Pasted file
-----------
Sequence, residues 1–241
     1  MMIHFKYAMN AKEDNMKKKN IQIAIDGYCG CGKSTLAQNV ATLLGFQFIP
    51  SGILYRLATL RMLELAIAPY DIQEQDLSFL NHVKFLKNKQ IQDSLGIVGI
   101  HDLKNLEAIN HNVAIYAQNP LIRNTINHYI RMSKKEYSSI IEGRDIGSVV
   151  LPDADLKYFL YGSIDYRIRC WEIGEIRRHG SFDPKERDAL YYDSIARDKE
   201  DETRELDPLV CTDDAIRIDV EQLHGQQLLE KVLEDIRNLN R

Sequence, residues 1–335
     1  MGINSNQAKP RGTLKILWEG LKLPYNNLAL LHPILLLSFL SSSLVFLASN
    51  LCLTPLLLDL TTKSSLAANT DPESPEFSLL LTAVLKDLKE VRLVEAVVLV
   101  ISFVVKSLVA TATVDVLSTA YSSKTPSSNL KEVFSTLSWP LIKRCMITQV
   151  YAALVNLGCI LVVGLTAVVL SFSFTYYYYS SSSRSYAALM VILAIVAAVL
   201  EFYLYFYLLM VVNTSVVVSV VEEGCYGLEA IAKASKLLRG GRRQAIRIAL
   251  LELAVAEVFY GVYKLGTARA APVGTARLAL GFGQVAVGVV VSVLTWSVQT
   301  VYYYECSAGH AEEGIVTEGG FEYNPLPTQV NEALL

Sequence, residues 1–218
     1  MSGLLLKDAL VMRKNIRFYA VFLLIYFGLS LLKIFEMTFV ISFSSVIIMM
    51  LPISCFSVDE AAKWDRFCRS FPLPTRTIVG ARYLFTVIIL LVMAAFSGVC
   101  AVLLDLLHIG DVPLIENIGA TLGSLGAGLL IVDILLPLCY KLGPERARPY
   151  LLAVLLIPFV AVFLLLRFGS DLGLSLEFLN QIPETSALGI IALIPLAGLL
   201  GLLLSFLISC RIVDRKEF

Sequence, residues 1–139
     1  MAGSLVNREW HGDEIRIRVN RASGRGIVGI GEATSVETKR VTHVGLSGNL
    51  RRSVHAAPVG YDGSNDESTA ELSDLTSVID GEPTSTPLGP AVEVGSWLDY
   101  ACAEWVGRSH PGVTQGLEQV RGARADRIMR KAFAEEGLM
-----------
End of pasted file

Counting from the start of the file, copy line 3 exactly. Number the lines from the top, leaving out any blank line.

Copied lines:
    51  SGILYRLATL RMLELAIAPY DIQEQDLSFL NHVKFLKNKQ IQDSLGIVGI